Third, if successful in the local market, they may begin to attract tourists to the locality.

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    Fourth, if located in historic downtowns, they may revitalize main street and spur other

    retail investments and arts-unrelated visits.

    Through a set of case studies of small towns and rural areas in Minnesota, I show

    how three types of investment in physical capitalartists' centers, artists' live/work

    buildings, and performing arts centershave increased local spending, attracted artists as

    residents, and eventually drawn in consumers, mainly from surrounding areas. Actions

    that rural areas can take to develop a cultural strategy are reviewed, emphasizing the role

    of artists as leaders and arts councils as community facilitators.

    II. Theory: Turning Export Base on its Head

    The prominence of export base theory unduly restricts strategies for regional

    economic development for both urban and rural cases. In this section, I argue that

    economic base theory is neither theoretically nor empirically as powerful as practitioners

    generally believe. I offer a consumption base alternative theory, laying out the rationale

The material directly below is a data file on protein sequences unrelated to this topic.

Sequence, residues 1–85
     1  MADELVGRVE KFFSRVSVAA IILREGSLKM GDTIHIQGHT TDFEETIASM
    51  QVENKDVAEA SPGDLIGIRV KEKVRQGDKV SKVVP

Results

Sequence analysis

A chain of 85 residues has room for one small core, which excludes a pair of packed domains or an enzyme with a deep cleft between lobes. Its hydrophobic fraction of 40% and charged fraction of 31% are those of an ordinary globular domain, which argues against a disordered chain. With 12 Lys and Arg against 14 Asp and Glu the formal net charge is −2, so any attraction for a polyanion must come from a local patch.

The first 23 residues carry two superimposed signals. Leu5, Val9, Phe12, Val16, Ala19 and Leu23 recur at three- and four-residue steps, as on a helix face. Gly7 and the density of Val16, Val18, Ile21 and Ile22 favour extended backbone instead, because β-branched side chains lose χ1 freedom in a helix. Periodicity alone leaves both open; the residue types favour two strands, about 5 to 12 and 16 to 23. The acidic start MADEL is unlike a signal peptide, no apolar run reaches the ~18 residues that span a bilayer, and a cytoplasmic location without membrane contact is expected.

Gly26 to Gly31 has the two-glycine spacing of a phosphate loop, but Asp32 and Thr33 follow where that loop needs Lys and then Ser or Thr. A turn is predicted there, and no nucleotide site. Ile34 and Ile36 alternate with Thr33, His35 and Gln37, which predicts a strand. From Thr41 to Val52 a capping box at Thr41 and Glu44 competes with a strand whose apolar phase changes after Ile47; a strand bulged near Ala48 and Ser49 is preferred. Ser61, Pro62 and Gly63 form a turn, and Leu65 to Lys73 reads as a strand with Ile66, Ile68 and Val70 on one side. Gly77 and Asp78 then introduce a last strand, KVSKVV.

for increments in locally-oriented consumption activities as growth drivers. I demonstrate

    the mechanics of the model with a hypothetical example.

    A. The Debatable Primacy of Export Base Growth Theory

    In economic development, economists and practitioners have long treated the

    export base as the engine of development, for spatial units as large as national economies

    and as small as tiny rural towns. Ever since Douglas Norths (1955) elegant statement of

    it, indebted to Harold Innis (1930) staples theory, the export base argument goes more or

    less as follows. In a trade-integrated world, regions outside of ones own are superior

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    producers of many goods and services locally consumed, and in order to be able to pay

    for these imports, the region must specialize in certain exportable goods and services. In

    the mid-20th century world, with its sophisticated globe-transcending transportation

    systems that reached far into little hamlet everywhere, the power of this theory was

    manifest, especially in rural areas. Mining towns became ghost towns once their singular

    export was tapped out. Farm communities, despite exporting ever more quantities of

    agricultural produce, could not find jobs for residents made redundant by huge gains in

    productivity. Economists codified the theory into the economic base model, ubiquitously

    used even today in multiplier analysis.

    Nevertheless, from the beginning, the theory had its critics. In his famous debate

    with North, Charles Tiebout (1956) pointed out an obvious logical flaw in the theory: the

    world economy as a whole does not export. In addition, a regional economys ability to

    provide for itself increases as its income from exports grows, resulting in import

    substitution. Tiebout also argued that people have different consumption patterns in